The budget deficit has also been used to justify cutting back the projected growth of Australian overseas aid by as much as A$4.5 billion over the next four years. Yet defence spending is planned to rise to $50 billion over the next ten years, nearly double the current defence budget.

At the UN General Assembly, Australia abstained on two key resolutions calling on Israel to cease its settlement activities, widely regarded as illegal, and to “comply scrupulously” with the 1949 Geneva Convention. The resolutions were carried by an overwhelming majority of UN members, including most allies of the United States.

Australian interest in international climate change and nuclear disarmament negotiations has also visibly diminished.

Australia’s relationship with China is complex and the potential ramifications of misjudgement are extremely serious. EPA/Ed Jones

How we got here

Striking though it is, this catalogue of policy failures does not signify a marked break with the Labor years. Neither Kevin Rudd nor Julia Gillard was able to set Australia’s China policy on a sound footing. The simplistic idea that Australia could rely on China for its prosperity and the United States for its security was never seriously questioned – nor was Australia’s costly and unproductive military commitment in Afghanistan.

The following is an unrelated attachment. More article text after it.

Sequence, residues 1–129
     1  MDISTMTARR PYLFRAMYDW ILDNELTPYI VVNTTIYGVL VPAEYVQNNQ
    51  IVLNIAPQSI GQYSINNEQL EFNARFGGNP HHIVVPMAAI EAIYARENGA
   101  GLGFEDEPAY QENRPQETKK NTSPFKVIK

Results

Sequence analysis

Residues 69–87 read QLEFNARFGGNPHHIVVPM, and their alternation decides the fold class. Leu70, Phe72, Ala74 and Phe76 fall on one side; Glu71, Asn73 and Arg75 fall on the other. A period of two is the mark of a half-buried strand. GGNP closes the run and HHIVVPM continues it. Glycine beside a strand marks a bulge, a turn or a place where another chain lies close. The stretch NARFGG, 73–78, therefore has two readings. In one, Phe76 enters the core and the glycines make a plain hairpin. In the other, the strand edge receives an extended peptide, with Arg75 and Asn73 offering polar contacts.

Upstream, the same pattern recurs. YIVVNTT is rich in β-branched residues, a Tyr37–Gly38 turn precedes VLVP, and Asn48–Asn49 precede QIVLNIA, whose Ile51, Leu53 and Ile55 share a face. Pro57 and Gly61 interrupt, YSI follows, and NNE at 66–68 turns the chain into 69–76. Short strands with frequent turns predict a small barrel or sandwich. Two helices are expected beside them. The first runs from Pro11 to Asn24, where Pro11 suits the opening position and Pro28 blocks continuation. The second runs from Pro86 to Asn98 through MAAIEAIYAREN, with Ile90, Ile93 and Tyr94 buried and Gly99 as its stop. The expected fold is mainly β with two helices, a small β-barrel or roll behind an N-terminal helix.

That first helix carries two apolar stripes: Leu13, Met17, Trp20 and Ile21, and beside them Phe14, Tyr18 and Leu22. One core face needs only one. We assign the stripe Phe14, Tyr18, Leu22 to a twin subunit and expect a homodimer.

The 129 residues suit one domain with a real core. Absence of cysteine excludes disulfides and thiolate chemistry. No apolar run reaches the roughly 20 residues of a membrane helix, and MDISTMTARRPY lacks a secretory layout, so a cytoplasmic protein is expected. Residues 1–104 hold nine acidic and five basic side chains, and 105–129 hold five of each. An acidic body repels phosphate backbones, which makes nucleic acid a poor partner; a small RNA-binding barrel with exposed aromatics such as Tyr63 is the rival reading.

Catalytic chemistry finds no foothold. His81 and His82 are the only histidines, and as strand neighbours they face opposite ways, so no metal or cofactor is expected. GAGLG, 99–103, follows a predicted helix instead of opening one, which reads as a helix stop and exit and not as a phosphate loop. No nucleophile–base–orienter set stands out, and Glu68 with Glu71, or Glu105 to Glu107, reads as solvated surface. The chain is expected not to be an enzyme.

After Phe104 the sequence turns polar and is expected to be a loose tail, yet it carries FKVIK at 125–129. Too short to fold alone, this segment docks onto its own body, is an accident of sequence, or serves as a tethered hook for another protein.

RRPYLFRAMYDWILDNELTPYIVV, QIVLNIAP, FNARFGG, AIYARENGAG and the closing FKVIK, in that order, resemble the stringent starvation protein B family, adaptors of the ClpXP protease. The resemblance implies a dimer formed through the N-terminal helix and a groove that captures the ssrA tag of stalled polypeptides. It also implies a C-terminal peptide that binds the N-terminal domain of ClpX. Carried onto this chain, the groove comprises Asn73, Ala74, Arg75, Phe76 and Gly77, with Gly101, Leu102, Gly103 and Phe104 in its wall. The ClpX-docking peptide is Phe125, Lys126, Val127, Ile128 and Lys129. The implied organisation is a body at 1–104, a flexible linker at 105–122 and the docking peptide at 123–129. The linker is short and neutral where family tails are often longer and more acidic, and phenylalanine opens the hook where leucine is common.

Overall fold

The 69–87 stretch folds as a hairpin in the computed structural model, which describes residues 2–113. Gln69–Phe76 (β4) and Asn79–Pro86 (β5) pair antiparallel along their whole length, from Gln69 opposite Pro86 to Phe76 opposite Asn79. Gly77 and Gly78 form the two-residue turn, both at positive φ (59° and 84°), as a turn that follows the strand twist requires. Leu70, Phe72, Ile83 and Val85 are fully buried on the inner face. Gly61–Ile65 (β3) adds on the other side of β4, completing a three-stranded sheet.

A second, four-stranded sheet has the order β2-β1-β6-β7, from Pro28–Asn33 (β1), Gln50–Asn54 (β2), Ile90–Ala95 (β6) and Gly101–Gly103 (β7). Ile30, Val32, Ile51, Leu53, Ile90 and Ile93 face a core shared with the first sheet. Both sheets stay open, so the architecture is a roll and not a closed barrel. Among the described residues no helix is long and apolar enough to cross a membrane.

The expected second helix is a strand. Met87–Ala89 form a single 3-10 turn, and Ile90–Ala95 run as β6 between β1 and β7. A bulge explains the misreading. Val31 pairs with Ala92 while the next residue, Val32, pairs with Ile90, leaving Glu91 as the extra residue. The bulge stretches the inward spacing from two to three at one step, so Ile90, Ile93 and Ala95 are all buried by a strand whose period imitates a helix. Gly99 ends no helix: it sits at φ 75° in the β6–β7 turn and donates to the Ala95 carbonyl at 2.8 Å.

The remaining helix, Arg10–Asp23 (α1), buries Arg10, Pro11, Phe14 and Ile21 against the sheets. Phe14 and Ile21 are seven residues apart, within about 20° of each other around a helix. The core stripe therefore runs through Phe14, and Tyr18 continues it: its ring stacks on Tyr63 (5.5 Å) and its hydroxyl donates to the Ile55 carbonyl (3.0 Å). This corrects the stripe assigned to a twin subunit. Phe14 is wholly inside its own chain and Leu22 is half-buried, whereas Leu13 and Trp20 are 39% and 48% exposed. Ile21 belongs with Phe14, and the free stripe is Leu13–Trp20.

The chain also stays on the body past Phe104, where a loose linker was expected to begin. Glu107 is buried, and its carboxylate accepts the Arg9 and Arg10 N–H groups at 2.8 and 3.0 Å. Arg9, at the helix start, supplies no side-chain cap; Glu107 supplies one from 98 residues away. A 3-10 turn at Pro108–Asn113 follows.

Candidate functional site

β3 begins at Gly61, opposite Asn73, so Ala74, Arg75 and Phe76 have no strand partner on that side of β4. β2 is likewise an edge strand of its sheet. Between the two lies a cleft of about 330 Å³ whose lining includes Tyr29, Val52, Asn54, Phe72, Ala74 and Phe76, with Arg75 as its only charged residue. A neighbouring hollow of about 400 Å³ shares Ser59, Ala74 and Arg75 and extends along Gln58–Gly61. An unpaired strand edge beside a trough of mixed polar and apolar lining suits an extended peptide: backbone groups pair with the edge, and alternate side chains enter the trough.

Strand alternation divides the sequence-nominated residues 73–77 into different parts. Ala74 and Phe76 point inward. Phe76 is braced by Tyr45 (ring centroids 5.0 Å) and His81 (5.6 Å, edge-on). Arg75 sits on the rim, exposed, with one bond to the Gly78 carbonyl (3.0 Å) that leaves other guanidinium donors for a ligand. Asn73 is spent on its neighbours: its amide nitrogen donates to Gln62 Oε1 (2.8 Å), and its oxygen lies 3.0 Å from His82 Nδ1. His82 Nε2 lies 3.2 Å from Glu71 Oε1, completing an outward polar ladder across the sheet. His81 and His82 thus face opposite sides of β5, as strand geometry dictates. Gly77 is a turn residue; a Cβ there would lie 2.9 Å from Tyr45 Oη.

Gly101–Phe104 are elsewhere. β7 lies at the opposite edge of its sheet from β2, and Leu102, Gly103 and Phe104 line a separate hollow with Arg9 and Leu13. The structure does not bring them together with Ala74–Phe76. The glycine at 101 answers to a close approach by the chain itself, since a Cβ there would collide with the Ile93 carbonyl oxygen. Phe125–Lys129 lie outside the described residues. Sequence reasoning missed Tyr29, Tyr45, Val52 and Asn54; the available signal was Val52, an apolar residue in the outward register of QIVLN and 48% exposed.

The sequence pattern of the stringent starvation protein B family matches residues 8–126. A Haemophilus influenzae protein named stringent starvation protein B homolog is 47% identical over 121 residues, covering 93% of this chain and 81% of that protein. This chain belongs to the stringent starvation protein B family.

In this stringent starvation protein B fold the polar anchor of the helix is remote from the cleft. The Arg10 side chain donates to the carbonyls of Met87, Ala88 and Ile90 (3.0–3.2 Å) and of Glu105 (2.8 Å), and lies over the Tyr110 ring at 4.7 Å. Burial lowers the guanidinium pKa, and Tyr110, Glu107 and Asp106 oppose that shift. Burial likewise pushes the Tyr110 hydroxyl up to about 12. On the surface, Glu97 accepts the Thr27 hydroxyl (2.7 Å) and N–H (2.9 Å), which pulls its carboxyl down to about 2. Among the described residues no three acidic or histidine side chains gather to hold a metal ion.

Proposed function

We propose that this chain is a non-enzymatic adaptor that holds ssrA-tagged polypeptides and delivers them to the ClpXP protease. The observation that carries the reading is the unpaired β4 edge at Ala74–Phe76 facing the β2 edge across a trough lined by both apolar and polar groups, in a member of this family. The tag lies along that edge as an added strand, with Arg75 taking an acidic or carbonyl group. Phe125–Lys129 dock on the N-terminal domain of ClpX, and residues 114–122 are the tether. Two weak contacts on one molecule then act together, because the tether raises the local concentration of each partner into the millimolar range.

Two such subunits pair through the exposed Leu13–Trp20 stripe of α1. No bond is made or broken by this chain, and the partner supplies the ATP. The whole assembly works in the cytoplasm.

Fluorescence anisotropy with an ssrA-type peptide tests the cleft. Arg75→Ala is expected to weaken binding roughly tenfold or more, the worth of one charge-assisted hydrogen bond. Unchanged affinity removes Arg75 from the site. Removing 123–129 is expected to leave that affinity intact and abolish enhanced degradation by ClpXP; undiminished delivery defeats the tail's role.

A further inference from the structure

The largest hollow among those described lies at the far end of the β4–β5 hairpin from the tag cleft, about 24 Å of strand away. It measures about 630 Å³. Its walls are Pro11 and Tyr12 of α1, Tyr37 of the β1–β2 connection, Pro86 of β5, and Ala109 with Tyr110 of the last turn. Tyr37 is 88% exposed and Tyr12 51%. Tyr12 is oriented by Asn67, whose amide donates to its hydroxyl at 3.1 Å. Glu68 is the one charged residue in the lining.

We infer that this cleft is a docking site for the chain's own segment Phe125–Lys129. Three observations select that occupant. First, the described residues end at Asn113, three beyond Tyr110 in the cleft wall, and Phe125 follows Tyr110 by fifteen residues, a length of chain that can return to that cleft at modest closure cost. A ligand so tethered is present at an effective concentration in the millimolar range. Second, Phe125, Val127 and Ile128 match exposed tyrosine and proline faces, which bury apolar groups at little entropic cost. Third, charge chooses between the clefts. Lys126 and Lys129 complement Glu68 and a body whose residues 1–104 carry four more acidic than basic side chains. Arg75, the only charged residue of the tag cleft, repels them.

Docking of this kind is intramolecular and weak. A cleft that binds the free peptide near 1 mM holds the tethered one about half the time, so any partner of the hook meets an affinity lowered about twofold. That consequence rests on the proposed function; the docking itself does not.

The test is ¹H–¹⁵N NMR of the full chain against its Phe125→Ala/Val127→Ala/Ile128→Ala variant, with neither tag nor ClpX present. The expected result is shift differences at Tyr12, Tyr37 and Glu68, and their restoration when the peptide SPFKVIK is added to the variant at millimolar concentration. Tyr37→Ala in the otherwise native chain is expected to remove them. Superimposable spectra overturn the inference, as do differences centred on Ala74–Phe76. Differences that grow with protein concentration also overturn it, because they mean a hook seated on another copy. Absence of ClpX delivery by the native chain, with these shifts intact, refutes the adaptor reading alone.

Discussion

Rudd’s poorly articulated proposal for the creation of an Asia-Pacific community soon fizzled in the absence of prior consultation with Asian neighbours.

Gillard oversaw the production of the Australia in the Asian Century white paper, but its sanitised contents, with their fixation on trade and investment opportunities, were strangely silent on the geopolitical and security implications of Asia’s rise and on the cultural gap still separating Australia from its Asian neighbours.

Labor’s steady abandonment of anything resembling a humane asylum seeker policy meant acceptance of a Pacific solution, leading first to the abortive approaches to East Timor and Malaysia, and then to the re-opening of the Manus Island detention centre. And, it was Labor governments that authorised the spying operations aimed at the highest levels of the Indonesian and East Timor governments.

A Labor government did secure a seat on the UN Security Council, but it seemed averse to or incapable of crafting a coherent set of initiatives. Rudd set up a commission for the elimination of nuclear weapons, but its key recommendations were left to gather dust.

How is such lack of drive and imagination to be explained? Why is it that both major parties find it so difficult to rethink Australia’s place in the world? No doubt several factors are at work.

The movers and shakers of the two major political parties and the political class at large remain profoundly insular in their thinking and parochial in their politics. They do not grasp the far-reaching regional and global changes already underway and their dramatic impact on economy, environment, culture and governance everywhere, not least in Australia.

The reality, however, is that many of the principles and premises that have guided Australia’s external relations since 1945 have lost whatever relevance they may once have had.